Who takes care of you if you cannot care for yourself?
Do you know who will take care of you if you are so sick that you cannot make your own healthcare decisions? Will that person be legally allowed to talk to your doctor and make decisions on your behalf? And, will that person know how YOU would make those decisions yourself?
A California Advance Health Care Directive lets you answer yes to each of these questions. The directive includes three parts: 1) a medical power of attorney; 2) a living will and 3) a HIPAA disclosure authorization.
How to Choose Your Health Care Agent
My advice for choosing people who will act on your behalf starts with making lists. First, make a list of everyone (over 18 years old) you trust more than a state supplied social worker, these could be immediate family, relatives, family friends, trusted advisors. Second, make a list of the QUALITIES that are important to you in a decision maker, such as responsibility, compassion, ability to understand medical personnel involved in your care, and your values regarding life and medical decisions.
Then, compare the two lists, crossing off people who don’t meet your criteria. Finally order the remaining people on the list. I recommend choosing at least three people, one person to be the agent and to alternates. It is important to have a “bench” to go to if the starting player is unable to act in their designated roll.
In choosing your Health Care Agent, think carefully about the guidelines and restrictions that you give your agent. If your instructions are too restrictive, it might make it impossible for your agent to act in your best interest. Sometimes, it is best to have discussions with your agent about your desires, but leave the written instructions a bit more general to give flexibility to meet the needs of the moment.
Making Your Health Care Wishes Known
A living will is a written document that helps you tell doctors how you want to be treated if you are dying or permanently unconscious and cannot make your own decisions about emergency treatment. Specific decisions on the California Statutory Advance Health Care Directive include the choice to “prolong life” or not to prolong life. In other words, do you want to be kept on life support in the event you suffer a terminal injury or disease?
Your personal values are what matter here:
- If you have a stroke and are unable to move or speak, and have a heart attack, would you want CPR?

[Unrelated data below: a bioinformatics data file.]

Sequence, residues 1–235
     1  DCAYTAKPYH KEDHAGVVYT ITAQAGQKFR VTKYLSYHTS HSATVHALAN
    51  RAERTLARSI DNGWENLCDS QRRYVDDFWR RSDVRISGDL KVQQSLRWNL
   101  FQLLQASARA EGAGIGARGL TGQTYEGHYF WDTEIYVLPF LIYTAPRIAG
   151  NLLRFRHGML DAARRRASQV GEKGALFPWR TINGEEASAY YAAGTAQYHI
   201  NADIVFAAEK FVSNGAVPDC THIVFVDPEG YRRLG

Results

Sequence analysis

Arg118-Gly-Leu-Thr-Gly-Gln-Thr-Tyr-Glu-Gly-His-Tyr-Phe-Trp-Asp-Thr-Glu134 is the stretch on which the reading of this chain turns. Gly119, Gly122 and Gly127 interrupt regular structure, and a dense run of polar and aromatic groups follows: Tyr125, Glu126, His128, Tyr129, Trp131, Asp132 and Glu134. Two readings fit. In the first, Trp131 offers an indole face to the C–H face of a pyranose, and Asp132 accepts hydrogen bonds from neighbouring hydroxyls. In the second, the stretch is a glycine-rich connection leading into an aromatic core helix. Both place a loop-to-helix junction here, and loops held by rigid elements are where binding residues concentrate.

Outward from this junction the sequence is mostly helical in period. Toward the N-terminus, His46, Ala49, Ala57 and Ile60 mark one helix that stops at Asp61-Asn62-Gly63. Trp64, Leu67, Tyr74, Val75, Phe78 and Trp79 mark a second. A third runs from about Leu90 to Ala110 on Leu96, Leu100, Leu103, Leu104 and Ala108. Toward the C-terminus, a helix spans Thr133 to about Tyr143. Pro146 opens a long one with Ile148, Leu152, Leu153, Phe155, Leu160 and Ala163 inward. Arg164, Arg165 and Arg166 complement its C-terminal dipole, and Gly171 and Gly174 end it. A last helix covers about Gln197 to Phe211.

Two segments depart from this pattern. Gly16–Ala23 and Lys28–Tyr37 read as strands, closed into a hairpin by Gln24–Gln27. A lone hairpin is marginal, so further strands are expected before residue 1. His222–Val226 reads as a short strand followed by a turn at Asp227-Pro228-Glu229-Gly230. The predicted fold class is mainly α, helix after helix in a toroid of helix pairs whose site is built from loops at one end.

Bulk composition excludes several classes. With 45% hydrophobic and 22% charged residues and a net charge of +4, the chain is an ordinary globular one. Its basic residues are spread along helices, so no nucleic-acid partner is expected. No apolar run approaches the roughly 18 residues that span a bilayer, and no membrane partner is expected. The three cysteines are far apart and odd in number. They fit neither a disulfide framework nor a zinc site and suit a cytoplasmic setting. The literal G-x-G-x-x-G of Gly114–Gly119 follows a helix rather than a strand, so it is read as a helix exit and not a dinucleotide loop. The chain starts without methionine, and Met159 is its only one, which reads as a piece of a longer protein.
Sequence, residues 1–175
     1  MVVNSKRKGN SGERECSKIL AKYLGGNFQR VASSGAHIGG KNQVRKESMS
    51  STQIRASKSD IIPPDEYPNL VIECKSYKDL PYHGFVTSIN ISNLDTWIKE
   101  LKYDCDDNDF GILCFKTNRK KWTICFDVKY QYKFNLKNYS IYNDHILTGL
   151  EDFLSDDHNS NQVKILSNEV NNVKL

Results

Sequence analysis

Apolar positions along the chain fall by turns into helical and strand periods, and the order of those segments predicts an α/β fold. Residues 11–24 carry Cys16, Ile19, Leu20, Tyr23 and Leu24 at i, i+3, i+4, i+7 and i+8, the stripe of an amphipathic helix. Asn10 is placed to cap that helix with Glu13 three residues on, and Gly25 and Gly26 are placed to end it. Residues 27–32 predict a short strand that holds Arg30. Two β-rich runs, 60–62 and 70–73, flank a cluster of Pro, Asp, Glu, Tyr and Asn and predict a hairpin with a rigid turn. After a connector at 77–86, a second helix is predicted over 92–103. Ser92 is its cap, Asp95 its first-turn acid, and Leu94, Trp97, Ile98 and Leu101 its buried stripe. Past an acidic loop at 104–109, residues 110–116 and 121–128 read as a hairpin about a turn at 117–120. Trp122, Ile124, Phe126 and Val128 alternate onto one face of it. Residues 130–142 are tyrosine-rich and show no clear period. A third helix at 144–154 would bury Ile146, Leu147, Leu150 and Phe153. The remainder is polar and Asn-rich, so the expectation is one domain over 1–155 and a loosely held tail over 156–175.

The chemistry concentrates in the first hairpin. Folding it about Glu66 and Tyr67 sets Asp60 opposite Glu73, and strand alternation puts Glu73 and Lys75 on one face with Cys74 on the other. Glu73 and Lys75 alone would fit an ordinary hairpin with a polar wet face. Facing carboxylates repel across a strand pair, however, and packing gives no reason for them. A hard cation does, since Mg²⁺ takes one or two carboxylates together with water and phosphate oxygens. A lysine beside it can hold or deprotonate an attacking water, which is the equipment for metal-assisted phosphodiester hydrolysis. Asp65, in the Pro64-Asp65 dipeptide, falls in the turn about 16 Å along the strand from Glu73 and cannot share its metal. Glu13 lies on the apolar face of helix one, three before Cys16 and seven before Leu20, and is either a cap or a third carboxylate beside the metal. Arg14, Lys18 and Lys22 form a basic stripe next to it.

- If you suffer from dementia and have terminal cancer, would you want to be treated for pneumonia?
You also have the opportunity to make your wishes regarding palliative care known. Palliative care are the measures taken to make you comfortable rather than saving or prolonging your life.
- If you are in pain at the end of your life, would you want medication to block the pain, even if it leaves you less aware of your surroundings and lethargic?
You can include your wishes regarding organ donation. This section goes beyond the little pink dot on your California Driver’s License. Commonly donated organs include the heart, lungs, pancreas, kidney, corneas, liver and skin. The living will allows you to set limits on how your organs will be used. For example, you can state that you do NOT want to be used for educational or medical research purposes. There is no age limit for organ or tissue donation.
There are no right and wrong answers here, just your personal beliefs about your body.
Allowing your doctors to talk to your Health Care Agent
The Health Insurance Portability and Accountability Act (“HIPAA”) was passed by Congress in 1996. The purpose of this law is to protect your medical privacy. It prohibits a medical provider to release certain protected information unless they have a signed written authorization by the patient.
The HIPPA disclosure authorization included in the California Health Care Directive provides this authorization for the people named in the document, so that they can discuss the specifics of your care with your doctors.
Free California Advance Health Care Directive
In response to the COVID-19 health crisis, and in service to our community, Thatcher | Law is offering FREE Advance Health Care Directives to California residents.
If you are interested in preparing your California Advance Health Care Directive, you can request a free download.
While a vital document, the Advance Health Care Directive is just one of several elements of a comprehensive estate plan. (These documents are discussed in this article.)
If you are interested in learning more about the benefits of a comprehensive estate plan, which can include a Revocable Living Trust, Will, Financial Power of Attorney and other important documents, contact Thatcher | Law to schedule a virtual consultation (live, in person, appointments will be offered once the COVID-19 pandemic emergency stay at home measures are lifted.